BWM Architekten looks back on a long list of successful hospitality projects, many of which were for renowned Austrian brands, such as the iconic confectioner Manner, on St. Stephen’s Square, and the Sacher Eck and Salon Sacher, both in the world-famous Hotel Sacher. Now BWM has also refurbished the popular Figlmüller Restaurant in Bäckerstrasse and extended it to include the entire ground floor of the adjacent building. Figlmüller is the first point of call for both tourists and locals when it comes to original Viennese cuisine that is steeped in tradition while keeping with the times. It is famous the world over for its Wiener Schnitzel.
The restaurant’s appearance reflects this interplay between tradition and innovation, between the old and the new. It was extended to include the entire ground floor of the neighbouring building, thereby bringing its total floor area to 450m2 with seating for 250 guests. BWM connected the new and original parts of the restaurant by breaking through the walls. The openings have sloping sidewalls; this directs the eye and creates the illusion that they are pictures on the wall that give glimpses into the adjacent room. BWM Architekten reinterpreted classic Viennese restaurant materials like wood and tiles and congenially combined them with modern elements to create a both familiar and refreshingly contemporary atmosphere.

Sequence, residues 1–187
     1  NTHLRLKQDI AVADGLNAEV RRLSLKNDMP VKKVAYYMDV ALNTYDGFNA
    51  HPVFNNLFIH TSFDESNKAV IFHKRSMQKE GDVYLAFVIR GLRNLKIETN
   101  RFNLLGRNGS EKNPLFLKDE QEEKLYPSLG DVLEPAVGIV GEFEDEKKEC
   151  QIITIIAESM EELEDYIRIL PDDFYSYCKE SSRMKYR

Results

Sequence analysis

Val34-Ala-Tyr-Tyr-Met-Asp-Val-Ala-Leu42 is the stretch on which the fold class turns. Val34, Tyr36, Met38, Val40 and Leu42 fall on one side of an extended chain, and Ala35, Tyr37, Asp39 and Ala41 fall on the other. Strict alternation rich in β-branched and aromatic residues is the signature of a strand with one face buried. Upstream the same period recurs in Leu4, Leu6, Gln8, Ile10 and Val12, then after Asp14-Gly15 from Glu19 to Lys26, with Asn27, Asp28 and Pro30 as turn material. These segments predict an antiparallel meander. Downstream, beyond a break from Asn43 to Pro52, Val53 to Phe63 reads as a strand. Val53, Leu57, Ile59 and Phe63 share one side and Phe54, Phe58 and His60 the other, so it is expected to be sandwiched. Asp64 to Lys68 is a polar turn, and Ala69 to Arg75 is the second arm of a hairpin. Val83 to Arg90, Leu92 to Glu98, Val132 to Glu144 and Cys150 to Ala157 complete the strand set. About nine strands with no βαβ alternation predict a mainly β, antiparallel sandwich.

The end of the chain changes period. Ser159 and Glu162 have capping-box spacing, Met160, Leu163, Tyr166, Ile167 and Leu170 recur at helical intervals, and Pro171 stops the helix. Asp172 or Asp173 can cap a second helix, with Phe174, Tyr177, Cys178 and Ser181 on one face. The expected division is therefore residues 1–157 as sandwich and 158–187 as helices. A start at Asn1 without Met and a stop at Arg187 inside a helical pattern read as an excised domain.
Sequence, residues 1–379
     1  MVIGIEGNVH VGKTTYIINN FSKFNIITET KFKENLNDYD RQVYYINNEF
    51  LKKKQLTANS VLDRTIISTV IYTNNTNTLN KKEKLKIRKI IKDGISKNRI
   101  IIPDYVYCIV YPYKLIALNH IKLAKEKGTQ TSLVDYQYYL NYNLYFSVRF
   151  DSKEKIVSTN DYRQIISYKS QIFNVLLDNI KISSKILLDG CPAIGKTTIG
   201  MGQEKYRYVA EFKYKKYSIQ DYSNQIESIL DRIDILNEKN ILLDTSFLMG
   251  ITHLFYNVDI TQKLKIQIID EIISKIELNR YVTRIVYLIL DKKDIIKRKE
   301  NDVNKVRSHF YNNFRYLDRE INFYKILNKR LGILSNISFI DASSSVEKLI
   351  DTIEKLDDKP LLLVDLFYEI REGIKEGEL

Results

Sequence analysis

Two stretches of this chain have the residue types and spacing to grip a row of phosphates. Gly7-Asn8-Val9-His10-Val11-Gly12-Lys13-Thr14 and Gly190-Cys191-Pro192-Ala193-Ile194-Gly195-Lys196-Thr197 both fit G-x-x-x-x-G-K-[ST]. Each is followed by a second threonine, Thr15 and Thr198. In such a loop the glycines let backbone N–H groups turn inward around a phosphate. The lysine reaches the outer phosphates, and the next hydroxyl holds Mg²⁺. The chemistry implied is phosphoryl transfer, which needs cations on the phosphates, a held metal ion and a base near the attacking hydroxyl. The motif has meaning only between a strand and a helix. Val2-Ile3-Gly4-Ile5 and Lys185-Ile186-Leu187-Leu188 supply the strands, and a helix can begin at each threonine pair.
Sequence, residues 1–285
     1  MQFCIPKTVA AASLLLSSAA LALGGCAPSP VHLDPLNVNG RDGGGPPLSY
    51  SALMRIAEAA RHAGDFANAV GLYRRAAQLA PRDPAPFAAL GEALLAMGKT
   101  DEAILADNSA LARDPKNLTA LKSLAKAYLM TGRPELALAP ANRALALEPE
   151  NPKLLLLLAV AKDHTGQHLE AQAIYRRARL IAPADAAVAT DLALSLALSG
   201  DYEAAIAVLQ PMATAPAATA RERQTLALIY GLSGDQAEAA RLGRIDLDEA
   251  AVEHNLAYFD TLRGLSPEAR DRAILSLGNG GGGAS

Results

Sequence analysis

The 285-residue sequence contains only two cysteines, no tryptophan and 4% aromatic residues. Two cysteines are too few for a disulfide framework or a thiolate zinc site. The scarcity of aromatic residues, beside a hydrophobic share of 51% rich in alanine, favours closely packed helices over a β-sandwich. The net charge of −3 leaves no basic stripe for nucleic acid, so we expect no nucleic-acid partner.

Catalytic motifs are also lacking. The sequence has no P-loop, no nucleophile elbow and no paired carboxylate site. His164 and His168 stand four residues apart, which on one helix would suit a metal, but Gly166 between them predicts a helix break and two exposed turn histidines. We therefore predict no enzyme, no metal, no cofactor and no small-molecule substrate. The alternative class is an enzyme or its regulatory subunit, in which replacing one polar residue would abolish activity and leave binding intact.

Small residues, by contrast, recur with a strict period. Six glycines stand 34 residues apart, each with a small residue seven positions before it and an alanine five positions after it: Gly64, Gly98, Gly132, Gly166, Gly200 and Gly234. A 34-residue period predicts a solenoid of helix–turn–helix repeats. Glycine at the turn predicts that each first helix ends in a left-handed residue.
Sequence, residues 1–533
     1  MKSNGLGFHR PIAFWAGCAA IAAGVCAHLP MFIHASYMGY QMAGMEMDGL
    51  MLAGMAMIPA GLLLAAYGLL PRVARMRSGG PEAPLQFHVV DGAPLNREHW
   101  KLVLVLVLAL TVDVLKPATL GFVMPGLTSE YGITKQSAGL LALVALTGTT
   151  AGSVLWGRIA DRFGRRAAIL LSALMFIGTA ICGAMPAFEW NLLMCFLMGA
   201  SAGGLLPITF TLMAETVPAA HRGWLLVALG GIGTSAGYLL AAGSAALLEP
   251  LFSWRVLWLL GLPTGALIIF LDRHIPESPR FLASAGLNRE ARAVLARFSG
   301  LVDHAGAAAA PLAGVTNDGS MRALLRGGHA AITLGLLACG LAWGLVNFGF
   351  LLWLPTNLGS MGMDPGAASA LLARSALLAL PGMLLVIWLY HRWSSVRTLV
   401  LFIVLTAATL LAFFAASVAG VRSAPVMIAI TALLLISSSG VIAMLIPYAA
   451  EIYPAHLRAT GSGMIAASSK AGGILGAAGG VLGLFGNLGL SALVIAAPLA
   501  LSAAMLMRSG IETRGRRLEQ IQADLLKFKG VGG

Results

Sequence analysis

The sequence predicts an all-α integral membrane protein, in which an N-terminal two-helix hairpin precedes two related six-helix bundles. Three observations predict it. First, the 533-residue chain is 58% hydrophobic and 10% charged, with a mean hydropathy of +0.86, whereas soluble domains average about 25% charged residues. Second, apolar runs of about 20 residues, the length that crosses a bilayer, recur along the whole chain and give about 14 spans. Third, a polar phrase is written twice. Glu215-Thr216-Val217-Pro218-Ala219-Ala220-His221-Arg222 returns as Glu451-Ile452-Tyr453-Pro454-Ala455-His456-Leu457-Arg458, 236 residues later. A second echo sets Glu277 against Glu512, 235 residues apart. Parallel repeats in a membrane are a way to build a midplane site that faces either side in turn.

“Our goal was to preserve the quintessence of Figlmüller’s more than 100-year-old concept, but also embed it in a modern setting,” explains BWM architect Erich Bernard. By way of example, the wooden wainscot paneling, which is so typical of traditional Viennese taverns, was preserved and featured as a traditional element. Its completely redesigned profile, however, makes it look fresh and new.
Specially designed lamps with brass stems and lampshades covered with stained Viennese wickerwork reinforce the concept. The existing stone floor in the original bar area is supplemented with Red Adnet marble, whereas the new bar is clad with warm cherrywood. The floor in the new rooms is covered with oiled herringbone parquet, and dark green Aurisina marble from Trieste provides accents. The tile, an element that is typical of Viennese restaurants, is featured in more than one way.
Dark green tiles cover the wall behind the new bar and the ceiling above it. They are also used for the passageways between the old and new sections, while the thresholds are made from Verde Assoluto natural stone. The seating, in a style typical of taverns, consists of rustic, vintage chairs that have been freshly stained and varnished.